Urban Teachers recruits, prepares, and retains diverse educators for schools in Baltimore and Washington. Guided by commitments to anti-racism, lifelong learning, and service to children, this teacher development organization builds a robust pipeline of well-prepared educators who help close opportunity and achievement gaps. In 2020, Urban Teachers launched its Black Educators Initiative (BEI), which works to significantly increase the number of Black educators through financial and programmatic support. Support from the Venable Foundation has helped Urban Teachers recreate its core program as a meaningful virtual experience, enabling the organization to continue recruiting, preparing, and retaining effective educators.
Dance Theatre of Harlem
Established out of the turmoil of the civil rights era and the assassination of Dr. Martin Luther King, Jr., Dance Theatre of Harlem (DTH) began as a community school for the allied arts and expanded to include a professional touring company of African American and other racially diverse artists. DTH continues to be a strong economic and cultural anchor for Harlem today. Funding from the Venable Foundation has helped DTH increase its in-person capabilities while continuing to offer online programs.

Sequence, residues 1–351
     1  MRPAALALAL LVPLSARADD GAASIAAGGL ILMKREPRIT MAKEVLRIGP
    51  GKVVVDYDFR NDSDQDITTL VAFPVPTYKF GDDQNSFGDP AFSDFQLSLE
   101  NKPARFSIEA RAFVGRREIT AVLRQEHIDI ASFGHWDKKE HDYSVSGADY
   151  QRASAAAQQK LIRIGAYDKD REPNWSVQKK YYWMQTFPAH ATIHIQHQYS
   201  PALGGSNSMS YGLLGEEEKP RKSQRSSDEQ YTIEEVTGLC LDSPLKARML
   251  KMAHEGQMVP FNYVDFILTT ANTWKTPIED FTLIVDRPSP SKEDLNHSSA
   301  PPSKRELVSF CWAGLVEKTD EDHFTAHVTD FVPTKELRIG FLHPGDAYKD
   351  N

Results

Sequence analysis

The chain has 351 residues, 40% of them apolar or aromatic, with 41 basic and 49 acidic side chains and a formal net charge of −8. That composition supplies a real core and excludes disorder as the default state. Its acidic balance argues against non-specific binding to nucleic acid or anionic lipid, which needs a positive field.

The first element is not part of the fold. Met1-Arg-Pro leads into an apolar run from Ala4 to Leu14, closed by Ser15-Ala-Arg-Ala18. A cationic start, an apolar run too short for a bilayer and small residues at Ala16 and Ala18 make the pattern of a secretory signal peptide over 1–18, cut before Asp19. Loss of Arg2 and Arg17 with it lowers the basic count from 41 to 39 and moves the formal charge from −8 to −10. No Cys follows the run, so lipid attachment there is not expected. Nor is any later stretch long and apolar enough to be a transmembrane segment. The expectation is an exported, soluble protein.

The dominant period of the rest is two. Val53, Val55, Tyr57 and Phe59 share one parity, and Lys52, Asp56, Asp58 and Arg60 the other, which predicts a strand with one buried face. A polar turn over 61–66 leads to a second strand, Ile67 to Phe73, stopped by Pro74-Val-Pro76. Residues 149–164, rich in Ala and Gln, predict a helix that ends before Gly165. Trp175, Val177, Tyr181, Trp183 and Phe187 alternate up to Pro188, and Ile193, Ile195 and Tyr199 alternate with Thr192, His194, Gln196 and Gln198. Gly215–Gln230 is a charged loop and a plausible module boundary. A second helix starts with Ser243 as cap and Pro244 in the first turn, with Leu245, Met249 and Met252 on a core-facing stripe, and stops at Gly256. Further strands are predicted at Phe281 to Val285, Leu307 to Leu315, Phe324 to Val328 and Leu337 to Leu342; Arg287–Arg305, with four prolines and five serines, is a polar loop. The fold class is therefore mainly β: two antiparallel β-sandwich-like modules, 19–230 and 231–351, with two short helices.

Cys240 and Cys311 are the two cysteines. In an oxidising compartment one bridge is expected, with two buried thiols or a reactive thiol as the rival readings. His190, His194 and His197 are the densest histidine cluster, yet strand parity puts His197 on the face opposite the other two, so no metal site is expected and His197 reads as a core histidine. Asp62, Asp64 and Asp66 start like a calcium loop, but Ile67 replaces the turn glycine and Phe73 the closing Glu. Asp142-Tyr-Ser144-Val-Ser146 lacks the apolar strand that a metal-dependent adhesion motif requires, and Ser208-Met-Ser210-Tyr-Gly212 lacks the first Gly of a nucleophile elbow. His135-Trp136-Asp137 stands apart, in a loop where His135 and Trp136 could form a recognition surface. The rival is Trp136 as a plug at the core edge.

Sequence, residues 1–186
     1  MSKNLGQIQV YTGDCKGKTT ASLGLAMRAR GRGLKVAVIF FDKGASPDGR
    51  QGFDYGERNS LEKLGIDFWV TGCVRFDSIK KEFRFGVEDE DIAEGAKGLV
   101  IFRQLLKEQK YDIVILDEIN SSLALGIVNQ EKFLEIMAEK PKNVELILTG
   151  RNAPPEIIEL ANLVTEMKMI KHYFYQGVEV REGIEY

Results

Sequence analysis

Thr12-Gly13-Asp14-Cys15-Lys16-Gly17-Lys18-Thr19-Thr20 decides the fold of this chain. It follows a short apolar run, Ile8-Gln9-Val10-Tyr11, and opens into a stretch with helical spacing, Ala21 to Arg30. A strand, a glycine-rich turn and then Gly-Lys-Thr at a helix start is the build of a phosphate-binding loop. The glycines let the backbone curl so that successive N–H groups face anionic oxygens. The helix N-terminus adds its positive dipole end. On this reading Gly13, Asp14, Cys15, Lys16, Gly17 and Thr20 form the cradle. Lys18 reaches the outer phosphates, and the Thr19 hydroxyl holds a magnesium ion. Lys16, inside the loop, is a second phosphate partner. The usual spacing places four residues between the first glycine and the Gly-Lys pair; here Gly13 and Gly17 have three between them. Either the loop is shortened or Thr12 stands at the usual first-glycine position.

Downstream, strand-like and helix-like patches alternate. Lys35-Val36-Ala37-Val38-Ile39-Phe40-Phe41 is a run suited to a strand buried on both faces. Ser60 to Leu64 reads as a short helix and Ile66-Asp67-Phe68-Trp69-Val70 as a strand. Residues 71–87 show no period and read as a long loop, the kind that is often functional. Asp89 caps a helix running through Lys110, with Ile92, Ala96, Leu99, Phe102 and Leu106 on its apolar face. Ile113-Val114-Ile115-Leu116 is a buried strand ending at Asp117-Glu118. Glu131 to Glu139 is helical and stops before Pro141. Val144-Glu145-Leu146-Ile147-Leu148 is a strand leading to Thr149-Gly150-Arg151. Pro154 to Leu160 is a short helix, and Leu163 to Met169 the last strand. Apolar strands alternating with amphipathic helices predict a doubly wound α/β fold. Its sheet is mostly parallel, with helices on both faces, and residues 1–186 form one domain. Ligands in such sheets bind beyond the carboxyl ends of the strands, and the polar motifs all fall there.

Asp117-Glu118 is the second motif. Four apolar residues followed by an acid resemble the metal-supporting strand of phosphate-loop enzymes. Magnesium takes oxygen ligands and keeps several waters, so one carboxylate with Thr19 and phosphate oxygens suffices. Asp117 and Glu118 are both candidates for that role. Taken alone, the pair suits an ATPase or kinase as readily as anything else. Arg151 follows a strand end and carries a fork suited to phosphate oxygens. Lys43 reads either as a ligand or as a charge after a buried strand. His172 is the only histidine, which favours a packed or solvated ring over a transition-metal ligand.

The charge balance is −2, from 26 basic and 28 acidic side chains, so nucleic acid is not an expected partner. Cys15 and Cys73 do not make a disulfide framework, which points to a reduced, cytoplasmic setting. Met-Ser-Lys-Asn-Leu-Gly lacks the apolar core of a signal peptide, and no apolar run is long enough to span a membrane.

Us Helping Us
Us Helping Us, People Into Living (UHU) works to achieve health equity for underserved and marginalized populations in the greater Washington, D.C. area. The organization's mission is to improve the health and well-being of Black gay and bisexual men through innovative programs and services and—through a vision of inclusiveness—to reduce the impact of HIV/AIDS in the entire Black community. Support from the Venable Foundation has helped UHU develop and foster culturally relevant clinical, behavioral, and social support services for individuals vulnerable to or living with HIV/AIDS and other sexually transmitted infections.